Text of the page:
It’s as difficult and dreaded as the birds and bees talk.
Just like kids have conversations with their parents about the start of life, grown up “kids” face their own version: talking to parents about the end of it.
And with life span continually increasing, it’s even more important to discuss the future of finances and health if retirement is going to be decades long.
Having the Talk
Catherine Hodder, an estate planning attorney and author, shares her advice on how to have a productive conversation with parents and make a plan respectful of their wishes.
First, she says, it’s not a one-time conversation, but a process that takes time.
Hodder recommends patience and that children wait until parents feel comfortable. Remember, the hardest aspect of this for the aging parent is for them to admit need and ask for help.
It’s also a family affair.
Always be transparent with family members and siblings. Don’t try to control or keep all the information to yourself, Hodder says. The best approach is to keep siblings up-to-date and include them in the process. Surprises often add emotional drama to an already hard situation.
READ: HOW TO PREPARE FOR A 100-YEAR LIFE
Listen. It’s the most important thing you can do. Parents may need to express anger or anxiety. They may have bitterness because life didn’t turn out the way they wished. As you listen, don’t pass judgment, empathize.
As they share their wishes, make sure to keep record of them and what they want carried out. Are there heirlooms, stories, recipes or other important items to record or preserve for the family legacy? Always consult an attorney to ensure documents are enforceable.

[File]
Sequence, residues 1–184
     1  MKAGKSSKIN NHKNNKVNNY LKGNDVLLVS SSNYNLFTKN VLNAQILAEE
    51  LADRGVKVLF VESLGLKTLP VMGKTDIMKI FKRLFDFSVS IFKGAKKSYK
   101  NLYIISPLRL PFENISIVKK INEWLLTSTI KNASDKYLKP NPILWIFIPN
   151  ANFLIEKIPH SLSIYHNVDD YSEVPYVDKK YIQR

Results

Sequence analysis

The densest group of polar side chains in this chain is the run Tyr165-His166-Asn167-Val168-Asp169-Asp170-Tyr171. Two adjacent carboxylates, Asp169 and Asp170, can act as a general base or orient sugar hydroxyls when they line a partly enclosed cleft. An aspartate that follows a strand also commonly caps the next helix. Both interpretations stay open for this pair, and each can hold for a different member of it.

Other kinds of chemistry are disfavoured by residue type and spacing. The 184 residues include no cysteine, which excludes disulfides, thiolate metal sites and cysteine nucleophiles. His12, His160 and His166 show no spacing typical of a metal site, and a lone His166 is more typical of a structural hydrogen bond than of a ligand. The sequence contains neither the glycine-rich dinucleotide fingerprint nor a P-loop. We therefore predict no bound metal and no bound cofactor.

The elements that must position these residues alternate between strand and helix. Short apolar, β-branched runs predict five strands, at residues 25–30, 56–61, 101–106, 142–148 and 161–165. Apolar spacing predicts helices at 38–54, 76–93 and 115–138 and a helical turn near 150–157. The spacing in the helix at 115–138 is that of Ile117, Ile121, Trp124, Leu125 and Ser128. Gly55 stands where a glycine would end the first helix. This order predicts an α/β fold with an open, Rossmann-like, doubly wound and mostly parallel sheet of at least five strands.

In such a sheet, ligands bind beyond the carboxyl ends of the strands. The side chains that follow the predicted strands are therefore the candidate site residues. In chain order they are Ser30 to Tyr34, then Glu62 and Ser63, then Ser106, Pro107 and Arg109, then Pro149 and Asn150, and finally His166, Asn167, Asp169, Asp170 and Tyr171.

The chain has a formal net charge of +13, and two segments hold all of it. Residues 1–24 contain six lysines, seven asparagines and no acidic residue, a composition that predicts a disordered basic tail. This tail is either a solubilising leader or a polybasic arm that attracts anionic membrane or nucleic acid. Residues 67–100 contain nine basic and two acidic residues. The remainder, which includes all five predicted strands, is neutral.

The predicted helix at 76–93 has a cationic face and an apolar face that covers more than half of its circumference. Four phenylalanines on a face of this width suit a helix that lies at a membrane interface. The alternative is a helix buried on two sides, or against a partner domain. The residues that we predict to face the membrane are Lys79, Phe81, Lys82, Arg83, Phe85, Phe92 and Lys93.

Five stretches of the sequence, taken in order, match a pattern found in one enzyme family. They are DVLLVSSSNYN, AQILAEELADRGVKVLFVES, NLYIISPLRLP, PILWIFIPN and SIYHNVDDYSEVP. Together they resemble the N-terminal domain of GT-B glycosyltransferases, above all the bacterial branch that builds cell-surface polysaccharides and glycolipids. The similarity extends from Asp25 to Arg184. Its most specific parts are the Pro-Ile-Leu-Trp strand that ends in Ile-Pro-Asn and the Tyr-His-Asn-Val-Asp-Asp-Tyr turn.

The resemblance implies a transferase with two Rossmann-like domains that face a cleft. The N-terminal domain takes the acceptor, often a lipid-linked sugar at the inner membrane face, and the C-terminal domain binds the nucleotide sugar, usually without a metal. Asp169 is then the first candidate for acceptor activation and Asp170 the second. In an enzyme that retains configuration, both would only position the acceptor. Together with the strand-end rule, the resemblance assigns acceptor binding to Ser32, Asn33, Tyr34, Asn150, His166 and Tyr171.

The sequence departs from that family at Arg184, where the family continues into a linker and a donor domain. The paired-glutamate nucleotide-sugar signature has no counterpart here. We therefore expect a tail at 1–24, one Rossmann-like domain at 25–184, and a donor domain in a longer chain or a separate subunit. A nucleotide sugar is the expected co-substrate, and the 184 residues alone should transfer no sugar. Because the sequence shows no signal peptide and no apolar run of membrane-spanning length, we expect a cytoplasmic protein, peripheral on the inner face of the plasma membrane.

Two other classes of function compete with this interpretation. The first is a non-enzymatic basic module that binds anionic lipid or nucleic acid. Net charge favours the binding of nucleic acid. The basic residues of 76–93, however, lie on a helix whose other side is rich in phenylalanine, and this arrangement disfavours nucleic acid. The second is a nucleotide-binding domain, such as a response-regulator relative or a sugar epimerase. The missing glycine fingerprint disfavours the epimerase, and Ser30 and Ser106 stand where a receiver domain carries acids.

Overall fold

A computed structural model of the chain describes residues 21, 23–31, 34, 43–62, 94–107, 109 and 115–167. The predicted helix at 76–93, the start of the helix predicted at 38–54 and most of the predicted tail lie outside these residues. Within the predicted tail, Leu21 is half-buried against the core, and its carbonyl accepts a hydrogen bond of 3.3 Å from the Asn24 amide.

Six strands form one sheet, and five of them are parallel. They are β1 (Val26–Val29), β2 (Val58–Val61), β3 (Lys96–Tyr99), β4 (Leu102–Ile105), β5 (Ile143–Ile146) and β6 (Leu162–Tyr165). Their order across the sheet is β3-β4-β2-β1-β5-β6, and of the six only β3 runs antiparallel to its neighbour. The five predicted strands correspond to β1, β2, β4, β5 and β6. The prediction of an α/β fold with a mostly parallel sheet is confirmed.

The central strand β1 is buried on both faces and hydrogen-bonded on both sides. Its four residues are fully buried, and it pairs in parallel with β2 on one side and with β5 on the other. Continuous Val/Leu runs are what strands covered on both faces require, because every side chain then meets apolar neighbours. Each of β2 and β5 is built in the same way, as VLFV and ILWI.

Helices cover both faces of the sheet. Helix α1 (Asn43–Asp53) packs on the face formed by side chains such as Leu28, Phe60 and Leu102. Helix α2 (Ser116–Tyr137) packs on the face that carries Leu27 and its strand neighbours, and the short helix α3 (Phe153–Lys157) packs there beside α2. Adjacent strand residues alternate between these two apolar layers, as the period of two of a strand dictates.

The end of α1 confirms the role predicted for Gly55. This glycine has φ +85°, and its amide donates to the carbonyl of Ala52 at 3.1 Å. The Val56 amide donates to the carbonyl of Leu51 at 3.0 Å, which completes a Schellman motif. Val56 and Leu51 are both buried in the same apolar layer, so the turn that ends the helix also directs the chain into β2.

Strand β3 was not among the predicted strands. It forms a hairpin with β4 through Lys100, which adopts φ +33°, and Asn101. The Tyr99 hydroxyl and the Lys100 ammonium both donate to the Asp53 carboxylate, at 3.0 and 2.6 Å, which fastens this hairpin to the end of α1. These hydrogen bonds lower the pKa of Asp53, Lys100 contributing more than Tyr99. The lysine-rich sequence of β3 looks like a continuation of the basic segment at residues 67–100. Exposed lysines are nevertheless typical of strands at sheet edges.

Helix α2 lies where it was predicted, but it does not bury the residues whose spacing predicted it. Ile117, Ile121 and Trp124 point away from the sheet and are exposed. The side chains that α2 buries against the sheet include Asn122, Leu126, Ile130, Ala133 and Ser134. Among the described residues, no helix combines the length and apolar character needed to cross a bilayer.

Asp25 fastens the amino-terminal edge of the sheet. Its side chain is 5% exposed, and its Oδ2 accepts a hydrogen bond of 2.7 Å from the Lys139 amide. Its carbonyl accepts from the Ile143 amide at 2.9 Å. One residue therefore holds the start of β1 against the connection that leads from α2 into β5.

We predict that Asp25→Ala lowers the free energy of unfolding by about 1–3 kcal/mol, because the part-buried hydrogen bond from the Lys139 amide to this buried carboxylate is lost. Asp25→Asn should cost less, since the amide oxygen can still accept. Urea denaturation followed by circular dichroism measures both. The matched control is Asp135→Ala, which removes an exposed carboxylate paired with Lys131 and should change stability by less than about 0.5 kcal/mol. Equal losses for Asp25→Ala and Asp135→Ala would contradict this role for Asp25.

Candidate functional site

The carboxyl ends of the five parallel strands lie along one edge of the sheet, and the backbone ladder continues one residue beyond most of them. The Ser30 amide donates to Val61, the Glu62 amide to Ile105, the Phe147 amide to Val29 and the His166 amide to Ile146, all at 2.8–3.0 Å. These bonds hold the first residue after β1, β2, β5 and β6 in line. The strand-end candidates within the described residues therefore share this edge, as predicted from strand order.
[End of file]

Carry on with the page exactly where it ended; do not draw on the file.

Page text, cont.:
Hodder says there are several key subject areas to address:
Financial issues: How much money do they have to live on? Is it enough to last into their 70s, 80s or 90s? Do they have a power of attorney or a will?
Health care and medical issues: Health spans and life spans are growing longer, but that doesn’t mean medications are non-existent. Do you know what your parents take for illnesses and do they have a “longevity cocktail“? Have they given you or your siblings medical power of attorney in case they become incapacitated?
Aging and home care: Do they need significant care? Can they stay at home or do they need to consider senior living options?
End of life decisions: If they are nearing end of life or have a terminal illness, do they have an advanced medical directive or a living will?
The Role Reversal
Children often become caregivers. More than 15 million people make up an “invisible” workforce of unpaid and untrained caregivers for older adults. On average, they spend 30 hours per week giving care, totaling nearly 400 billion of annual unpaid time.
Beyond the needs of their parents, children caregivers face challenges of their own, including depression, financial difficulties, and loss of productivity at their jobs. For some, it can become a full time job.
READ: THE MISSION TO EXPAND HEALTHSPAN, NOT LIFESPAN
Hiring help can be a huge relief but you must be careful, Hodder says. There are numerous reports of hired help stealing from seniors in their care. Some criminals choose elderly people to target and exploit.
So while “the talk” can be cringe-worthy in theory, in practice it makes the golden years a a bit more tranquil.